After reading some of the latest mice studies, it appears that lowering levels of testosterone might be beneficial. Has anyone tried a diet/lifestyle in line with this? I did some information gathering, and here's what I found:
"One of the most interesting advances in SBMA research has been the creation of mouse models that recapitulate the key features of SBMA progression in men. Lowering testosterone levels in affected transgenic male mice rescued, and even reversed the polyglutamine-induced neuromuscular phenotype, indicating that manipulating androgen levels in men could be of therapeutic benefit." (from Progress in Spinobulbar muscular atrophy research: insights into neuronal dysfunction caused by the polyglutamine-expanded androgen receptor. Beitel LK, Scanlon T, Gottlieb B, Trifiro MA.)
How to Lower Testosterone Levels (my paraphrasing from various online sources):
1. Eat less red meat and fewer dairy products, which contribute to testosterone production, and eat more fish and vegetables. Reduce fat intake and eat more fiber.
2. Drink alcohol. Moderate consumption of red wine inhibits testosterone production. One or two glasses per day are within the safe range.
3. Get married or become involved in a long-term, monogamous relationship. Studies show married men and males in stable relationships have lower testosterone levels and fewer health problems overall than single men.
Other things that have been found to lower testosterone are eating soy, exercising more, and smoking. I don't advocate these because (a) soy has estrogen enhancing effects, (b) no one knows how much one has to increase (and perhaps dangerously so) exercise to get the effect, and (c) smoking is obviously bad.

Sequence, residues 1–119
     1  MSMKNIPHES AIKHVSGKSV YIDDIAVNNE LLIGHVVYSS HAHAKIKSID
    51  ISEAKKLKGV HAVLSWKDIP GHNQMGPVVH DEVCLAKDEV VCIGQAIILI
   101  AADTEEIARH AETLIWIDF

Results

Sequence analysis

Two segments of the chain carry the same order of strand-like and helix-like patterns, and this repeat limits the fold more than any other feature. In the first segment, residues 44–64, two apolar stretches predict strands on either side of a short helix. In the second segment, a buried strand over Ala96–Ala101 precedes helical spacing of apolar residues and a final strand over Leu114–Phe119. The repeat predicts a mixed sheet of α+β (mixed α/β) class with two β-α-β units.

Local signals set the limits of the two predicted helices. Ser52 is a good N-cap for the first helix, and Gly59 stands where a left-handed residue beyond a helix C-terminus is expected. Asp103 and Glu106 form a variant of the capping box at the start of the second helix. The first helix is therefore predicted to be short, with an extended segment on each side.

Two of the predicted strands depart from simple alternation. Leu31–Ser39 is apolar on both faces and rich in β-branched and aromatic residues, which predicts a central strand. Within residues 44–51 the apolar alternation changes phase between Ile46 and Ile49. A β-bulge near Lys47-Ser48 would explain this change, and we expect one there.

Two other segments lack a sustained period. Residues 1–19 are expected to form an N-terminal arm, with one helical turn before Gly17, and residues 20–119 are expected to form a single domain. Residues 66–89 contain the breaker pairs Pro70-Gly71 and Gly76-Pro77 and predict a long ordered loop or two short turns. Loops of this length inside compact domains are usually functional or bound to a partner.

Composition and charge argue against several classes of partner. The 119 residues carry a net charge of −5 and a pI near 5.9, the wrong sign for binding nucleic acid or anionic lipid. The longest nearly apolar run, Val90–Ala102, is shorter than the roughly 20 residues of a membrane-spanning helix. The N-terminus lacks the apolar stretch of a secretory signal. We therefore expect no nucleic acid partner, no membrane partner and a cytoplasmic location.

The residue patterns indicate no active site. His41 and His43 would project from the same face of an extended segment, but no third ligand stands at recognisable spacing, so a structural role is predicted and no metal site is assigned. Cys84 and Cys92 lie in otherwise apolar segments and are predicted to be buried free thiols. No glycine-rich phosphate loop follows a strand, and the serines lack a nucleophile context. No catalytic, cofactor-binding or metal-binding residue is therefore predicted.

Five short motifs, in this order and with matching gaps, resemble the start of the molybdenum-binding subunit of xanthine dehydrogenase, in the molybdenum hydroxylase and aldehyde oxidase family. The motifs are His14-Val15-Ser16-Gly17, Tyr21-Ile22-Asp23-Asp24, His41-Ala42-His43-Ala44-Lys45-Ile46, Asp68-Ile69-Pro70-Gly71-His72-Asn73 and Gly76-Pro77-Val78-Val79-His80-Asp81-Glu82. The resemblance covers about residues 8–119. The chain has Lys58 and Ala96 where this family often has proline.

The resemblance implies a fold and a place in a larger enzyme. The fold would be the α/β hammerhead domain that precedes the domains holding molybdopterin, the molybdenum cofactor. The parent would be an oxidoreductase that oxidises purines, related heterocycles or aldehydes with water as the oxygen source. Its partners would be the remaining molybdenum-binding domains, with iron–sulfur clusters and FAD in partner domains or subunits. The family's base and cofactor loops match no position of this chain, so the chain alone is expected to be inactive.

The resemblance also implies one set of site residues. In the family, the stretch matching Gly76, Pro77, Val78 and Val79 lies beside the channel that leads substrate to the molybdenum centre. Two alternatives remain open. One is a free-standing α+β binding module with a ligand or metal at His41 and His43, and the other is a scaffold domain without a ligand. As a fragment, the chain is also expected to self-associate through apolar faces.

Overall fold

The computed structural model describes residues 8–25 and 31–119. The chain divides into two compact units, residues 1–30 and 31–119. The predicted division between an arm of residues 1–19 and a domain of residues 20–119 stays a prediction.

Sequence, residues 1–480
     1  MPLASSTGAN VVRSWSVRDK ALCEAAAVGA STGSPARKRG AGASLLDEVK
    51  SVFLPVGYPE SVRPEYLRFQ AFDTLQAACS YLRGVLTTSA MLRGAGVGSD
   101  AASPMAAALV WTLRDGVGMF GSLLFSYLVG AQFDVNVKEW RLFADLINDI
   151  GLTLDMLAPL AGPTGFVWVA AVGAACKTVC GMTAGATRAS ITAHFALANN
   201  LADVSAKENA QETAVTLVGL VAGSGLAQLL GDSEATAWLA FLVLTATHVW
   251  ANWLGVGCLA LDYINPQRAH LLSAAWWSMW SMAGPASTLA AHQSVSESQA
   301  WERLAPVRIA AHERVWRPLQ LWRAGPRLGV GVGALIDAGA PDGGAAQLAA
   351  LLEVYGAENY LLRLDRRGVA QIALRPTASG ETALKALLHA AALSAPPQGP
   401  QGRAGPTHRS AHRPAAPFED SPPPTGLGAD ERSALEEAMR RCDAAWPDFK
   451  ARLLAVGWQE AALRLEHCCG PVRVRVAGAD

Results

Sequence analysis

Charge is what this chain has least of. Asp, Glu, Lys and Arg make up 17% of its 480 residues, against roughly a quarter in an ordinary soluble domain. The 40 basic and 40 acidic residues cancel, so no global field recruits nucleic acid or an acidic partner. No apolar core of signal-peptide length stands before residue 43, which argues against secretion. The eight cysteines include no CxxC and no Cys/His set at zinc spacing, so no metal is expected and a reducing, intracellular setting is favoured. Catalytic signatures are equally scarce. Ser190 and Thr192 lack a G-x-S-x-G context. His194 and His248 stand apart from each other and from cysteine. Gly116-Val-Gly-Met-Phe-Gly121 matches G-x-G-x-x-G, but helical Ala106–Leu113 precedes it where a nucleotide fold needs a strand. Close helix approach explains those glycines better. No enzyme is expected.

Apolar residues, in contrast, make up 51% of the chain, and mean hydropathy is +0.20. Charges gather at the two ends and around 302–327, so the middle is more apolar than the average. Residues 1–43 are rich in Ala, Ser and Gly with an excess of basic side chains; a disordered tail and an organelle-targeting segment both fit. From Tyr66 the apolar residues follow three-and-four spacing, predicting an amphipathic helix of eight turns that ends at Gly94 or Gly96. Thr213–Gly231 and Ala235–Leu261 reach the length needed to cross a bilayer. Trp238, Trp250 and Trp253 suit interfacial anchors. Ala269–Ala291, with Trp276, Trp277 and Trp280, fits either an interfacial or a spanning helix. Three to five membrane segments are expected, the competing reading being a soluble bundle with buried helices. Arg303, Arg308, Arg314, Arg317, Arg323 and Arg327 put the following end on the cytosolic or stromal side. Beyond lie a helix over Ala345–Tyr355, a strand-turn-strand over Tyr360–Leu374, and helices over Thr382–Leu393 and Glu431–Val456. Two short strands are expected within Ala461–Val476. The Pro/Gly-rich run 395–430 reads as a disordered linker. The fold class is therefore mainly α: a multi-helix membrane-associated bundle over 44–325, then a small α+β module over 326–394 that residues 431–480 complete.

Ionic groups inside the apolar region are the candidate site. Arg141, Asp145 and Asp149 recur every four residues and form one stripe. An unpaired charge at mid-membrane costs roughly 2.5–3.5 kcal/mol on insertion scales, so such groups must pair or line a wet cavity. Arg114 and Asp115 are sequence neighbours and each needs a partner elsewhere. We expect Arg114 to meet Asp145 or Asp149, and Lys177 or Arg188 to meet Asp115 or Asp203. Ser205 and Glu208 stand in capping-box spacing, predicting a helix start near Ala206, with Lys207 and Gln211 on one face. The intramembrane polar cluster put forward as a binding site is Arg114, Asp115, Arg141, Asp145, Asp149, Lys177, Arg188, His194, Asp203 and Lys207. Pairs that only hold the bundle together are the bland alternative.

Has anyone tried any of the three things in the list? What do you all think of this?
Thanks for your comments. Lenore Beitel will be a guest on the KDA chat room Saturday, May 1, 2010. You should join us and see what she has to say.
The clinical trial using chemical castration did not show any positive impact. That being said, you comments on eating better and exercising (correctly) is right on in my opinion. Fiber, vegetables, fish, and soy are all positive steps.
My wife went macrobiotic several years ago (all fresh products prepared for the meal you are eating). I supported her efforts by eating that way also (when I was at home anyway). I felt better and had more energy. My discipline and love for hamburgers and ice cream are my downfall. As I mentioned in my "Living wit Kennedy's Disease" blog, once I had a Steak and Shake, it was hard to ever pass by the place again without stopping.
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